Worldwide attendance at ICFI May Day online rally

By a reporting team
5 May 2014

Workers and young people on six continents and from 84 countries attended the online May Day rally held by the International Committee of the Fourth International Sunday. They heard ten speakers who spoke to the worldwide audience from the United States, Britain, Germany, Sri Lanka and Australia.

The rally was the first of its kind for the international working class movement, bringing together a global audience in a common rally against war, inequality and dictatorship. It was organized through the World Socialist Web Site, the daily Internet publication of the ICFI.

Over two thousand people registered for the event, and more than 700 comments were posted during the two and a half hours that it was broadcast. The enormous response to the call for the rally is a reflection of growing popular opposition around the world to the policy of war and social counterrevolution, and the widespread hunger for political analysis and a political alternative.

Helen Halyard, a national committee member of the Socialist Equality Party (US), and a member of the Trotskyist movement for more than 40 years, served as chairman.

David North, chairman of the WSWS international editorial board and national chairman of the SEP (US) gave the opening report to the rally, outlining the basic historical and political conception on which the rally was based.

North said the broad cross-section of working people from all over the world attending the online rally had immense objective significance. “All the differences employed by the ruling elites to divide the masses--those of ethnicity, religion, nationality, language, gender and even that of age--dissolve in the face of the inescapable reality of the world capitalist crisis, the political imperatives of the class struggle, and the objectively revolutionary role of the international working class in modern society.”

The political perspective of the ICFI, North declared, was based on a scientific understanding of the contradictions of global capitalism and the historical experiences of the international working class, as developed especially in the struggle led by Leon Trotsky against Stalinism and reformism.

“The bitter lessons of the class struggle in the twentieth century demonstrated again and again the decisive significance of an international strategy and program to guide the struggles of the working class in all countries,” North said. “There is no other movement in the world today, outside the International Committee of the Fourth International, which can plausibly claim to advance the struggle for international socialism.”

Nick Beams, national secretary of the SEP Australia, analyzed the source of the attacks on jobs, living standards and democratic rights in the global breakdown of world capitalism that erupted with the Wall Street financial crash of 2008. (The speech by Beams, and those of all the other speakers, will be posted on the WSWS in the coming days).

Beams outlined the conditions of economic stagnation that now prevail in North America and Europe, and explained that the so-called “emerging markets” of Asia, Africa and Latin America could not provide an alternative.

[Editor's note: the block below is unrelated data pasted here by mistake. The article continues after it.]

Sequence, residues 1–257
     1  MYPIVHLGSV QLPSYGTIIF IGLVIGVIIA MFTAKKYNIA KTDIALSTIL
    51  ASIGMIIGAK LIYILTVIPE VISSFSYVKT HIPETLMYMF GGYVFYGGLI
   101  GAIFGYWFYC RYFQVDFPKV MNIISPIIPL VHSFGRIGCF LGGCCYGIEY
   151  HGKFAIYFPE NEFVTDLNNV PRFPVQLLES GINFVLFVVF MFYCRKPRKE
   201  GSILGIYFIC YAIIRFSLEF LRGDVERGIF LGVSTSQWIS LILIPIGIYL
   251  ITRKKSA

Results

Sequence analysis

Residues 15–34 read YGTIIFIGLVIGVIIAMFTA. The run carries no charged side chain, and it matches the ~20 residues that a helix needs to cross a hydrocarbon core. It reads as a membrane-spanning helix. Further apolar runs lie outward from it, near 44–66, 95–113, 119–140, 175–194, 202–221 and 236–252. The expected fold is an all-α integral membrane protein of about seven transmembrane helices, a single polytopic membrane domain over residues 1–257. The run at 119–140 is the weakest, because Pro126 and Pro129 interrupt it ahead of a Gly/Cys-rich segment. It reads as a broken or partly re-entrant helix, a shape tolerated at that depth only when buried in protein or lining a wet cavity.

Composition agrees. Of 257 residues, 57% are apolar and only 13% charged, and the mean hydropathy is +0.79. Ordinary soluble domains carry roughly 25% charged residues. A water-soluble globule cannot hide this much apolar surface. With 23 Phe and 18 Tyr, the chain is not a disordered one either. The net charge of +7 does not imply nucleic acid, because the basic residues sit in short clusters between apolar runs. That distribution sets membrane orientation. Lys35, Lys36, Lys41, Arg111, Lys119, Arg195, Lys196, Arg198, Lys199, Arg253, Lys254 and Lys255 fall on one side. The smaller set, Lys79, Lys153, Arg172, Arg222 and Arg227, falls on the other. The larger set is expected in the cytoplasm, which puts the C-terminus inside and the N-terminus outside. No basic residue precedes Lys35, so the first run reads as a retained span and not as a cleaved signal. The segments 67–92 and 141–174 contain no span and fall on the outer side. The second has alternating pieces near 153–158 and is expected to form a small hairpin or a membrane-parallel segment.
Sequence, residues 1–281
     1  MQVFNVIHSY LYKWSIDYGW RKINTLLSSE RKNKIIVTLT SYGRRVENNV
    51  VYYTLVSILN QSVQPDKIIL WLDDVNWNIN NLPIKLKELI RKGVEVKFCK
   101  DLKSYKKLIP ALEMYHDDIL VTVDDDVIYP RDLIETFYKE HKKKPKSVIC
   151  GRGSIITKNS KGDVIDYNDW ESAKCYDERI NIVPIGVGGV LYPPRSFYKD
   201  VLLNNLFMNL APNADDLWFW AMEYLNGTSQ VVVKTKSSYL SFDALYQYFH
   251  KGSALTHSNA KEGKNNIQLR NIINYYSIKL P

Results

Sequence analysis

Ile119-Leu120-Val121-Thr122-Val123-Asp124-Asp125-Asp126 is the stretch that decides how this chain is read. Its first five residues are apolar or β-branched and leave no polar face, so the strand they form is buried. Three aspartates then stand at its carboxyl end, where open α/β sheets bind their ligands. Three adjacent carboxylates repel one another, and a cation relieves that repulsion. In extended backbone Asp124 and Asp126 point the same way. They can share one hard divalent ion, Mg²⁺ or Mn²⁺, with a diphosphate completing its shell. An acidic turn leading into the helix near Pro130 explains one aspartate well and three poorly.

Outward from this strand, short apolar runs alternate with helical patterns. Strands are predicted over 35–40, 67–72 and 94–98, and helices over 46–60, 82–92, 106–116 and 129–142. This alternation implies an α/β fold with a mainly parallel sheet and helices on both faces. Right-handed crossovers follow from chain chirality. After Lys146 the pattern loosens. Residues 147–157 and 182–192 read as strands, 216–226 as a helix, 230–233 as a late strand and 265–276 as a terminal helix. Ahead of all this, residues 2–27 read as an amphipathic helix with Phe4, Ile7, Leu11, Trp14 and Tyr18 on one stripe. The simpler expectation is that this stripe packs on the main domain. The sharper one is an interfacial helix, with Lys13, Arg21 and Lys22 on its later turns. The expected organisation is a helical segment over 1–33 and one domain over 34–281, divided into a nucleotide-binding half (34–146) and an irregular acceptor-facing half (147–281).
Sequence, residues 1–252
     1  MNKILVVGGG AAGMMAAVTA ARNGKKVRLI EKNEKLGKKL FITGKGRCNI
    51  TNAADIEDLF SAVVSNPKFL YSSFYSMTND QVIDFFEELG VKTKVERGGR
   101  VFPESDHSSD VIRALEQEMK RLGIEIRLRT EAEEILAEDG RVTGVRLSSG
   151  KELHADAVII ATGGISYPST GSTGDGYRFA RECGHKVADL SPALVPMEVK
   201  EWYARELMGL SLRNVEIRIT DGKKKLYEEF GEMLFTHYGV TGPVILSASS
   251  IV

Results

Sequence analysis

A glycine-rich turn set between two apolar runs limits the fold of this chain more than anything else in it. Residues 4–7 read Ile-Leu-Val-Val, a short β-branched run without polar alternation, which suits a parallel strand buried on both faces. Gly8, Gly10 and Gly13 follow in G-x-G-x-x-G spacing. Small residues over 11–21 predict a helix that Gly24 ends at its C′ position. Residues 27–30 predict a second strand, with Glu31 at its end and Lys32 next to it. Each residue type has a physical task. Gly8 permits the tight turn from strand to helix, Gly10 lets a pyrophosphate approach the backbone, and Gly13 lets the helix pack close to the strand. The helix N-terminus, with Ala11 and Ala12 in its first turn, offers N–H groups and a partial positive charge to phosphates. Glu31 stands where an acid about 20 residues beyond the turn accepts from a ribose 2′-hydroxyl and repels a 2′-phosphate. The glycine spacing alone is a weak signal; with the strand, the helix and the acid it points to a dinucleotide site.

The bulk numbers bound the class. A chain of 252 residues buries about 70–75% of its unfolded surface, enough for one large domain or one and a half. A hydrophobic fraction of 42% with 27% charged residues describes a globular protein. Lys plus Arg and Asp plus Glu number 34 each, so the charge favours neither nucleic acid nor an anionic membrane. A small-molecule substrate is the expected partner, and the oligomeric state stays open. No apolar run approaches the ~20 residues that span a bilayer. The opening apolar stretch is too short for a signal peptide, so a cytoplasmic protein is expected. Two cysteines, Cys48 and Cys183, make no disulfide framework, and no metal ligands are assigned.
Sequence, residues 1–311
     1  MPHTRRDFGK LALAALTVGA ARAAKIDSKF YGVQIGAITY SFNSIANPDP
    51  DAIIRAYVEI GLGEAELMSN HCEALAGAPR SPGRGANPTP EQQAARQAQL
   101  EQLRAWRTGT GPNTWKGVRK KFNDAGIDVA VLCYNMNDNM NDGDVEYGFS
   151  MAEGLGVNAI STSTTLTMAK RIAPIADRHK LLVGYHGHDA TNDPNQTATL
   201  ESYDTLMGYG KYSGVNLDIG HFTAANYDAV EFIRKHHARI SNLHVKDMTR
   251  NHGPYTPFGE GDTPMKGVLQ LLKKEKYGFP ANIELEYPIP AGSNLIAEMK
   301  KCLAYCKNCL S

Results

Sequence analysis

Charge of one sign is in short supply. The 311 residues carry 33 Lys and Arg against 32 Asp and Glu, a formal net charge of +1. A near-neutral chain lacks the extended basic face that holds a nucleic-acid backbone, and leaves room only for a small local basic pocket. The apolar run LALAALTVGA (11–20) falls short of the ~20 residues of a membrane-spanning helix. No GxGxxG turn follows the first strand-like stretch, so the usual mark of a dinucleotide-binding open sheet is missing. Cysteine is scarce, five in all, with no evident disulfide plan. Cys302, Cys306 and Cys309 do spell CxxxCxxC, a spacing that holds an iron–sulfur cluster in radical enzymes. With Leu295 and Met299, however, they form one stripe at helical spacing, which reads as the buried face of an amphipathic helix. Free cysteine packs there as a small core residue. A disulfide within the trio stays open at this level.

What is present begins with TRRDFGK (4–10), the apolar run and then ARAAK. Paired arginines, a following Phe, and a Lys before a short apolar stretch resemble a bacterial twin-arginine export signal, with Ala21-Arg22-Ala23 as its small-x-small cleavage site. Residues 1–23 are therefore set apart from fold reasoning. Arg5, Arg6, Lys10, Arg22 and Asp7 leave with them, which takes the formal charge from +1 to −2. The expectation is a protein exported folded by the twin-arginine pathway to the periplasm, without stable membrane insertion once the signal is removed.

The ruling class and its apologists could not provide a serious explanation for the crisis and sought to treat it as an unfortunate accident. “Marxists have a fundamentally opposed perspective,” he said. “Crises and economic breakdown do not develop outside the capitalist system; they are rooted in its essential internal contradictions.”

Wije Dias, general secretary of the SEP of Sri Lanka, explained that the ICFI continued the fight for world socialist revolution begun by the Bolshevik Party under Lenin and Trotsky, and embodied in Trotsky’s theory of Permanent Revolution.

The Trotskyist movement fought for the perspective of the leading role of the working class in the socialist revolution, against all those who adapted to bourgeois nationalism and Stalinism. He reviewed the recent experiences in Egypt and South Africa, as well as the lessons of the working class struggle in Sri Lanka and the Indian Subcontinent.

“The ICFI continues the struggle waged by Trotsky to rearm the world working class with scientific socialist consciousness in order to undertake its historic task of world socialist revolution,” he said. “That is the powerful revolutionary tradition that is being evoked in this rally.”

Four speakers from the European sections of the ICFI discussed the threat of war posed by the crisis in Ukraine and the struggle by the working class throughout Europe against the policies of austerity, repression and militarism pursued by every government, whether led by right-wing or social-democratic parties.

Peter Schwarz, secretary of the ICFI, explained that the German section, the Partei für Soziale Gleichheit, and the SEP of Britain were waging a joint campaign in the European elections to be held later this month, placing the fight against the danger of war at the forefront.

“The European Union does not represent the unity of the European peoples, but rather the dictatorship of the most powerful economic and financial interests over Europe,” he said. Against the EU, the ICFI advances the perspective of the United Socialist States of Europe.

Chris Marsden, national secretary of the SEP (UK), detailed the crimes committed by the right-wing regime in Ukraine, with the backing of the major imperialist powers. The United States and its European allies are stoking a conflict with Russia that threatens to erupt into a catastrophic world war.

He explained that from an historical standpoint, the crisis over Ukraine demonstrates the far-reaching and reactionary consequences of the collapse of the Soviet Union, betrayed and destroyed by Stalinism.

“We are for the unification of the Ukrainian, Russian and European working class, for a combined offensive against the filthy attacks of fascists and oligarchs,” he concluded.